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PUBLIC RELEASE DATE:
15-Mar-2010

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Contact: Emma Dickinson
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BMJ-British Medical Journal
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Young Britons see significantly more smoking in movies than US peers

Exposure to smoking in movies among British adolescents 2001-2006

Young Britons see significantly more on-screen smoking in movies than their US peers, finds research published ahead of print in the journal Tobacco Control.

The UK film classification system, which rates more films as suitable for young people than its US counterpart, is to blame, say the authors.

The research team assessed the number of on-screen smoking/tobacco occurrences in 572 top grossing films in the UK, which included 546 screened in the US plus 26 high earning films released only in the UK.

They then divided the total box office earnings of each film by the year's average ticket price, to calculate the estimated number of 'tobacco impressions' delivered to cinema going audiences for each film.

A 'tobacco impression' is defined as one person seeing an occurrence of smoking or tobacco on one occasion, with the cumulative number of impressions a measure of how much the film encourages smoking.

Among the 572 films assessed, more than two thirds (69%) featured tobacco. Of these, more than nine out of 10 were classified as suitable for adolescents ('15' or '12A') under the UK ratings system.

In all, 5.07 billion tobacco impressions were delivered to UK cinema going audiences during the period under study, of which 4.49 billion (89%) were delivered in '15' and '12A' rated films.

Because 79% of the films rated only for adults in the US ('R') were classified as suitable for young people in the UK, this meant that young Britons were exposed to 28% more smoking impressions in '15' or '12A' rated movies than their US peers, calculate the authors.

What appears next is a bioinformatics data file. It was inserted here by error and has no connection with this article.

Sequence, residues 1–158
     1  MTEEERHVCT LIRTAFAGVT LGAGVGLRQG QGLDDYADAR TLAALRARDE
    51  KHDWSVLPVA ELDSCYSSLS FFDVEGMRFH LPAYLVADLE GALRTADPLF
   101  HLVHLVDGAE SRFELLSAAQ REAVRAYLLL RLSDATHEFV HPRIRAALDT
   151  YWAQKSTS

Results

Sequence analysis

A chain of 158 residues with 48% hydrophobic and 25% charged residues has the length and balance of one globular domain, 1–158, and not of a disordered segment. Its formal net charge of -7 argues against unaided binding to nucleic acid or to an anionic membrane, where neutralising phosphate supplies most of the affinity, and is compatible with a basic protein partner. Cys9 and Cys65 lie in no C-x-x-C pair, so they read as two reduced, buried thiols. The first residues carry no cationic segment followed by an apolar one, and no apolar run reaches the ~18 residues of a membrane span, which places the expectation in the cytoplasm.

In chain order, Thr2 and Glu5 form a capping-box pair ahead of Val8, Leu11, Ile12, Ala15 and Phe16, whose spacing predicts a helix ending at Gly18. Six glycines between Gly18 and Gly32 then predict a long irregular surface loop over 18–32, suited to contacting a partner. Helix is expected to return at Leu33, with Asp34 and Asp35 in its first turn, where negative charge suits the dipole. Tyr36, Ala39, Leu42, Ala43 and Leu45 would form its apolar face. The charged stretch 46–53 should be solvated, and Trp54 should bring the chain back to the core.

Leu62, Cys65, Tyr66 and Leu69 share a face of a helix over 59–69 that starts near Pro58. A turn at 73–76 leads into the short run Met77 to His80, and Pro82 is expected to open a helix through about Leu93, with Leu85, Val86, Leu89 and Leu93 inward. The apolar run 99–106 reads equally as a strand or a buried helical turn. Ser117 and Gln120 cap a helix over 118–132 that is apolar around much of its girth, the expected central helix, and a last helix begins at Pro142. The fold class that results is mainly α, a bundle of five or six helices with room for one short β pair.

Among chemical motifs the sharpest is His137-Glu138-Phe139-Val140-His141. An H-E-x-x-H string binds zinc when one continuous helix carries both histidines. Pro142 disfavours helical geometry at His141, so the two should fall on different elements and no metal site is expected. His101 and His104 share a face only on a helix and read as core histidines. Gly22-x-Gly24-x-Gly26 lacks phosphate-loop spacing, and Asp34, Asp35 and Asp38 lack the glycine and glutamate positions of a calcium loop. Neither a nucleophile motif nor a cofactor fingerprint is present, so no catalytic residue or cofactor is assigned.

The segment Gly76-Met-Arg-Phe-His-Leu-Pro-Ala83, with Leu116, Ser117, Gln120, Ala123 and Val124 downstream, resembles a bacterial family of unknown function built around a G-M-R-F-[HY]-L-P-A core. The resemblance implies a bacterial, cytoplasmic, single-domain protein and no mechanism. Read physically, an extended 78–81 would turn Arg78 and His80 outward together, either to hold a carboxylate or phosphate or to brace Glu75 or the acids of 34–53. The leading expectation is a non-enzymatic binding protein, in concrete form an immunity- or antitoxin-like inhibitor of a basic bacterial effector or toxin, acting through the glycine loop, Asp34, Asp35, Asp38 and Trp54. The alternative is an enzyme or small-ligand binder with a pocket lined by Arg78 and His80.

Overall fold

Although UK produced films contained more instances of smoking, on average, than US produced films, the market dominance of the latter meant that Hollywood was responsible for most of the tobacco impressions delivered to UK audiences in 2001-6, say the authors.

Evidence from several countries, including the US, suggests that the more smoking young people are exposed to in movies, the more likely they are to start smoking themselves. Those who see the most are around three times more likely to take it up than those who see the least, say the authors.

Awarding an '18' rating to films that contain smoking "would create an economic incentive for motion picture producers to simply leave smoking out of films developed for the youth market," say the authors.

When they compared total box office sales of a random sample of 40 films rated suitable for children and 40 rated '18', they calculated that films targeted at young people grossed 1.75 times as much as those targeting adult audiences.

"The decision to classify a film as appropriate for youths clearly has economic benefits for the film industry," they say.

And they conclude: "A film classification policy that keeps on-screen smoking out of films rated suitable for youths ... would reduce this exposure for people under 18 years of age and probably lead to a substantial reduction in youth smoking."

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